NEWS | Aug. 19, 2021

Alaska Army Guard recruiting debuts new program for high school credit, first recruit to use it returns from basic

By Spc. Grace Nechanicky Joint Force Headquarters Public Affairs

The Alaska Army National Guard’s Recruiting and Retention Battalion debuted a new program earlier this year for recruits to earn high school credit for their time in basic combat training. The first Soldier to take advantage of this opportunity, Pfc. Hunter Skaw, graduated from basic combat training at Fort Jackson, South Carolina earlier this month, just two weeks before starting his senior year at Colony High School in Wasilla.
 
“This program offers high school credit for health, physical education or electives, for students who join the Alaska Army National Guard and complete basic training while they are still in high school,” said Lt. Col. Donna Johnson, assistant chief of staff for the Alaska Army National Guard.
 
The Recruit Sustainment Program—which is where recruits are assigned until they are fully trained and handed off to their units—already offered high school students a split-train option, allowing them to join the Army National Guard while still in their junior year. They could attend basic combat training during the summer before their senior year, and usually finish their advanced individual training after graduating from high school. This new program provides Soldiers an opportunity to earn high school credit for their time spent in BCT over the summer.
 
“Basic combat training is 10 weeks long, so they could easily fit it into their summer,” said Lt. Col. David Jurva, commander of the RRB.
 
“And basic training is challenging, I would say that it’s probably more challenging than a normal P.E. class in high school,” added Johnson. “It’s pretty awesome that the board of education worked with us to make this happen.”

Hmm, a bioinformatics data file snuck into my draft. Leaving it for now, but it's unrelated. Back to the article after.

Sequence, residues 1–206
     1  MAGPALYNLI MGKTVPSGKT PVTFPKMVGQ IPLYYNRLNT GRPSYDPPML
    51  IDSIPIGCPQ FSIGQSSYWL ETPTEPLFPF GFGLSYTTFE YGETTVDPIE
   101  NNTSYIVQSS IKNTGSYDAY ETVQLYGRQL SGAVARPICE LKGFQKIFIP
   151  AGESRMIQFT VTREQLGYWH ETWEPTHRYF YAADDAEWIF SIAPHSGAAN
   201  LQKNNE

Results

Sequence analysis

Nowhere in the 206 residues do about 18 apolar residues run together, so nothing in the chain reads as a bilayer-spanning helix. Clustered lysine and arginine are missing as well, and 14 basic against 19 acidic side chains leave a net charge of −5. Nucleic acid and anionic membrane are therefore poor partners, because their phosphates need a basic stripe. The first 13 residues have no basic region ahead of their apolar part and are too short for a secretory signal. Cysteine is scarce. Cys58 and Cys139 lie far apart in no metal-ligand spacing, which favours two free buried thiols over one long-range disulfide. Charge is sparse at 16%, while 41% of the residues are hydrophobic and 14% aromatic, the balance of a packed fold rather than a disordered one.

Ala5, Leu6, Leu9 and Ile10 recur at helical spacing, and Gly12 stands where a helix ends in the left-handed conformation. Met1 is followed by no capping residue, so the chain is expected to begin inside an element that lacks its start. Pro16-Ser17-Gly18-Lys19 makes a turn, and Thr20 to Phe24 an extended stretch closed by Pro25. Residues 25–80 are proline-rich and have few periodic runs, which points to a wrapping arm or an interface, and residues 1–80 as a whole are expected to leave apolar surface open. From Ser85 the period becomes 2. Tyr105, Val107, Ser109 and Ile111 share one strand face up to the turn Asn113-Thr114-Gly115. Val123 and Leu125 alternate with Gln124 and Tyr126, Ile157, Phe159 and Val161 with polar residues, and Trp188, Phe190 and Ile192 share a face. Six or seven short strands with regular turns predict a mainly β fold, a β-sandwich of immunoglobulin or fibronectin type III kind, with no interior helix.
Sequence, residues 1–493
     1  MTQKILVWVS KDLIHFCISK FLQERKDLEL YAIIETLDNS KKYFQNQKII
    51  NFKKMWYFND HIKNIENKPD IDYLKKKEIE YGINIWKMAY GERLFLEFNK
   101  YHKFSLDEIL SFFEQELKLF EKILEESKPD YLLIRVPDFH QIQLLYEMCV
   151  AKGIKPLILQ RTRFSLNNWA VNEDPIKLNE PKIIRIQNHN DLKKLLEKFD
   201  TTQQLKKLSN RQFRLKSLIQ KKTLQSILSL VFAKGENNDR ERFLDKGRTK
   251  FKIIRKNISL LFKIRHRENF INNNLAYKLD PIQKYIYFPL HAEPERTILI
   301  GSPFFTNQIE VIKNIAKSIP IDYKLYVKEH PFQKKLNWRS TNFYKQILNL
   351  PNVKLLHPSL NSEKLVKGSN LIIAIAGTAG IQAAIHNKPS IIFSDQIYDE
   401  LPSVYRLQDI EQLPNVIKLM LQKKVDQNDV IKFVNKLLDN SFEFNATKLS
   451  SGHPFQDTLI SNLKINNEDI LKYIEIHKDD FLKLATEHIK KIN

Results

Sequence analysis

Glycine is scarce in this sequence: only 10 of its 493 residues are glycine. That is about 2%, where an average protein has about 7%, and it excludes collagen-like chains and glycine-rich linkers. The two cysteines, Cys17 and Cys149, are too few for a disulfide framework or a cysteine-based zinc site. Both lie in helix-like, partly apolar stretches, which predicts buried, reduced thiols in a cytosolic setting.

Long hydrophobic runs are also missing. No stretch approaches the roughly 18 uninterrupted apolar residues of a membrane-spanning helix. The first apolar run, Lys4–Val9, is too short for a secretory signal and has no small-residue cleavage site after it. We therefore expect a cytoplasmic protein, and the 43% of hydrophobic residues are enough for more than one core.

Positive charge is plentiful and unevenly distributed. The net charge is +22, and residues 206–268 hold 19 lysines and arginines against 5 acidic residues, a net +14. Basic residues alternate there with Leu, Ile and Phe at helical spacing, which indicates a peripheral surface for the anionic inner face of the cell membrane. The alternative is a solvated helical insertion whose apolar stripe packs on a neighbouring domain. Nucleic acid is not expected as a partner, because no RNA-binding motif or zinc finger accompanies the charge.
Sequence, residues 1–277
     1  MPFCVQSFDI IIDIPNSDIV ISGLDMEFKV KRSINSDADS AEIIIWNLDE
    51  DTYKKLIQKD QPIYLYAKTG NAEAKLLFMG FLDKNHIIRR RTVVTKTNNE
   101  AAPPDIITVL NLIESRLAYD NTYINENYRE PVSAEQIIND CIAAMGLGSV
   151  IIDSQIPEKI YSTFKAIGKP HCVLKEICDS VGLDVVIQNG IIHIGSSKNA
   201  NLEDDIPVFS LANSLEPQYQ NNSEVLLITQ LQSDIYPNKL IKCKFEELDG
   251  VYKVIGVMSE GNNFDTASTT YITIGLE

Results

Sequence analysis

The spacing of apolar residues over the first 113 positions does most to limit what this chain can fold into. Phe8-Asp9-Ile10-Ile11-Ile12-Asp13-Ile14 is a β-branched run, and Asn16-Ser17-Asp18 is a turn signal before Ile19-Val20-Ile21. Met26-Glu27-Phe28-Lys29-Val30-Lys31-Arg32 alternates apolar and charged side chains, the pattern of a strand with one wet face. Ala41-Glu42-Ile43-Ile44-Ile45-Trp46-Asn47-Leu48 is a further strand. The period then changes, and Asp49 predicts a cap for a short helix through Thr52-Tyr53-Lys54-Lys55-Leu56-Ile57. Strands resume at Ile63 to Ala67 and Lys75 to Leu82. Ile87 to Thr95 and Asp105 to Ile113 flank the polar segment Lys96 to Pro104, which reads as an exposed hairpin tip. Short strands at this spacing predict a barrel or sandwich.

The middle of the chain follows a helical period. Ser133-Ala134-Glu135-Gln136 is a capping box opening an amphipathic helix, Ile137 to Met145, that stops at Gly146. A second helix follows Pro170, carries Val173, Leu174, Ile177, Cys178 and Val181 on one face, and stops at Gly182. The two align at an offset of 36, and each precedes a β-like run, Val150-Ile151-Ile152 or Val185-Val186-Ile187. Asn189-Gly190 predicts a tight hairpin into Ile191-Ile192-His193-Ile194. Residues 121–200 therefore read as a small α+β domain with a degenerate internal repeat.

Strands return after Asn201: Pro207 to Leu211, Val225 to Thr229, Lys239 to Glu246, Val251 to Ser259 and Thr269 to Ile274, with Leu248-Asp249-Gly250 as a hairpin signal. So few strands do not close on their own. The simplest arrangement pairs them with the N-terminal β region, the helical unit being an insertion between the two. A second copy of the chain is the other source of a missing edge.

As the first Soldier to benefit from this new program, Skaw agrees.
 
“You can earn credits for doing something that you love, and it helps better yourself,” he said. “Not just on a physical level and an emotional level, but on an educational level as well.”
 
Next, Skaw will finish out his senior year at Colony High School before moving on to Advanced Individual Training for his military specialty, a 16-week long school in Fort Eustis, Virginia, to become a CH-47 Chinook helicopter repairer.
 
Skaw plans to attend college for aviation or engineering and then hopes for an opportunity to be hired full-time with his Army Guard unit. He wants to stay in Alaska to serve his state and nation while he pursues his education at University of Alaska Anchorage.
 
“[Basic training] was a great learning experience, and the majority of it was learning how to become very disciplined,” explained Skaw. “I did come out with a few new things, but it definitely helps with maturity and also the amount of self-confidence that people have.”
 
Soldiers may also earn high school credit for completing AIT if they are able to complete it after basic training and prior to their senior year. According to Jurva, it is up to the school to decide how many credits the student will receive for their hard work at BCT and AIT.
 
“This [program] is something that is only available within the Army National Guard component,” said Jurva. “It’s a great option for students who want to maximize the advantages of joining the military early.”
 
Skaw shared his advice for any other students that may be considering joining the National Guard and using this program.
 
“Don’t give up on yourself even when everything is tough,” he said. “Just keep pushing through and eventually you'll make it to that finish line and break on through.”